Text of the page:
Functional impairment in protein kinase C by RACK1 (receptor for activated C kinase 1) deficiency in aged rat brain cortex.
Several laboratories have reported a lack of protein kinase C (PKC) activation in response to various stimuli in the brain of aged rats. It has been suggested that changes in lipid membrane composition could be related to this functional deficit. However, recent evidence has indicated that the translocation of PKC to the different subcellular compartments is controlled by protein-protein interactions. Recently, a class of proteins, termed receptors for activated C kinase (RACKs), have been described that bind PKC. The present study was conducted to determine whether alterations in RACK1, the best-characterized member of RACKs, were associated with changes in translocation and expression of PKC. Quantitative immunoblotting revealed that RACK1 content was decreased by approximately 50% in aged rat brain cortex, compared with that in adult and middle-aged animals. The levels of calcium-independent PKC delta and epsilon, interacting with RACK1, and related calcium-independent PKC activity were not modified by the aging process. By comparison, phorbol ester-stimulated translocation of this activity and of PKC delta and epsilon immunoreactivity was absent in cortex from aged animals, as well as the translocation of the calcium-dependent PKC beta, also known to interact with RACK1. These results indicate that a deficit in RACK1 may contribute to the functional impairment in PKC activation observed in aged rat brain.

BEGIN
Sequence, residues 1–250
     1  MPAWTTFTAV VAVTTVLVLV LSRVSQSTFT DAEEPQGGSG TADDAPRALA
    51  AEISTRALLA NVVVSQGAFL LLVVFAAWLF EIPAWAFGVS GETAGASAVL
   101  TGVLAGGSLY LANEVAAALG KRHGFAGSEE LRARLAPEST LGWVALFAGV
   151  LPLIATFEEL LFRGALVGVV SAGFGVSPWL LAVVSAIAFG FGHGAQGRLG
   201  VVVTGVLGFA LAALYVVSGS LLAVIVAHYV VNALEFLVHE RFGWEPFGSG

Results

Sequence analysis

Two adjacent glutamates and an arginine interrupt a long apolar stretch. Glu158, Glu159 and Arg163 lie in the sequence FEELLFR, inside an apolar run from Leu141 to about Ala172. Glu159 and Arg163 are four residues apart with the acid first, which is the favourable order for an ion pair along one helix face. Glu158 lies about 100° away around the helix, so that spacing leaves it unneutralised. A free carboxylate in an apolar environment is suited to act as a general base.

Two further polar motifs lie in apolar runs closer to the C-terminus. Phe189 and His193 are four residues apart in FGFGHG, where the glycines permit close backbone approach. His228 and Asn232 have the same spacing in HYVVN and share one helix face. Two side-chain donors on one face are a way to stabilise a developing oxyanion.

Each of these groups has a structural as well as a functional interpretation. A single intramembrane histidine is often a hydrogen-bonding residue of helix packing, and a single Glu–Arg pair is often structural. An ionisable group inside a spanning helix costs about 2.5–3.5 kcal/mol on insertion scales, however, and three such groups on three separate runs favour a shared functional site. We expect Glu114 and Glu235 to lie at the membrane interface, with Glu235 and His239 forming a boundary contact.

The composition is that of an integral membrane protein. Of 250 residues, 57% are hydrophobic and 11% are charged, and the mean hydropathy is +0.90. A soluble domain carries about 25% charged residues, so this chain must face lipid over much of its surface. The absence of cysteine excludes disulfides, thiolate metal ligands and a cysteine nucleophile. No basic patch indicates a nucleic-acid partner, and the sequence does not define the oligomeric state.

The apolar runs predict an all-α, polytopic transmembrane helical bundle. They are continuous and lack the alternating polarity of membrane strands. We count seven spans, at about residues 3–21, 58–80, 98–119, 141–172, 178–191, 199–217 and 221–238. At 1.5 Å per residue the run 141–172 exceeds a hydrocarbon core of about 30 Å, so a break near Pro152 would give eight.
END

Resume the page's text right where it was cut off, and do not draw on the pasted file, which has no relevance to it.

Pascale, A; Fortino, I; Govoni, S; Trabucchi, M; Wetsel, WC; Battaini, F
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